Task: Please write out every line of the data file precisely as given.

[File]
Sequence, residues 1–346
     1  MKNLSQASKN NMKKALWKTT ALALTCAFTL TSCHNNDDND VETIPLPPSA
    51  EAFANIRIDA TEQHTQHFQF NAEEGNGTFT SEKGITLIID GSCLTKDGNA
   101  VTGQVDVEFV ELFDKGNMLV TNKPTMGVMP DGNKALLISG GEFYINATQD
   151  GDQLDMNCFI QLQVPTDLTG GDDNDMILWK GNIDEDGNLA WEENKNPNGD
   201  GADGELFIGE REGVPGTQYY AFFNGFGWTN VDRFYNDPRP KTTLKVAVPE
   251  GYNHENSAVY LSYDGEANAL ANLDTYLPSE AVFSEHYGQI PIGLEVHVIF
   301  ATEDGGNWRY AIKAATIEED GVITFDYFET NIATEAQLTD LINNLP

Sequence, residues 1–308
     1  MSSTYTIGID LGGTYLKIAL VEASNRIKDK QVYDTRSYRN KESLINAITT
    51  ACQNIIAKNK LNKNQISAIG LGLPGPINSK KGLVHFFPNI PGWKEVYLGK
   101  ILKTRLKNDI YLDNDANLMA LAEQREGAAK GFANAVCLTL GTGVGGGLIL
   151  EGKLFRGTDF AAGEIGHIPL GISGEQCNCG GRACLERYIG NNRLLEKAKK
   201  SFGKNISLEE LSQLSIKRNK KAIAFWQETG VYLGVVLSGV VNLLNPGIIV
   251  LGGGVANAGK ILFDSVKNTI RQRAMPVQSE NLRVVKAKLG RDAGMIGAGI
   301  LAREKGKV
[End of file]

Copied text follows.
Sequence, residues 1–346
     1  MKNLSQASKN NMKKALWKTT ALALTCAFTL TSCHNNDDND VETIPLPPSA
    51  EAFANIRIDA TEQHTQHFQF NAEEGNGTFT SEKGITLIID GSCLTKDGNA
   101  VTGQVDVEFV ELFDKGNMLV TNKPTMGVMP DGNKALLISG GEFYINATQD
   151  GDQLDMNCFI QLQVPTDLTG GDDNDMILWK GNIDEDGNLA WEENKNPNGD
   201  GADGELFIGE REGVPGTQYY AFFNGFGWTN VDRFYNDPRP KTTLKVAVPE
   251  GYNHENSAVY LSYDGEANAL ANLDTYLPSE AVFSEHYGQI PIGLEVHVIF
   301  ATEDGGNWRY AIKAATIEED GVITFDYFET NIATEAQLTD LINNLP

Sequence, residues 1–308
     1  MSSTYTIGID LGGTYLKIAL VEASNRIKDK QVYDTRSYRN KESLINAITT
    51  ACQNIIAKNK LNKNQISAIG LGLPGPINSK KGLVHFFPNI PGWKEVYLGK
   101  ILKTRLKNDI YLDNDANLMA LAEQREGAAK GFANAVCLTL GTGVGGGLIL
   151  EGKLFRGTDF AAGEIGHIPL GISGEQCNCG GRACLERYIG NNRLLEKAKK
   201  SFGKNISLEE LSQLSIKRNK KAIAFWQETG VYLGVVLSGV VNLLNPGIIV
   251  LGGGVANAGK ILFDSVKNTI RQRAMPVQSE NLRVVKAKLG RDAGMIGAGI
   301  LAREKGKV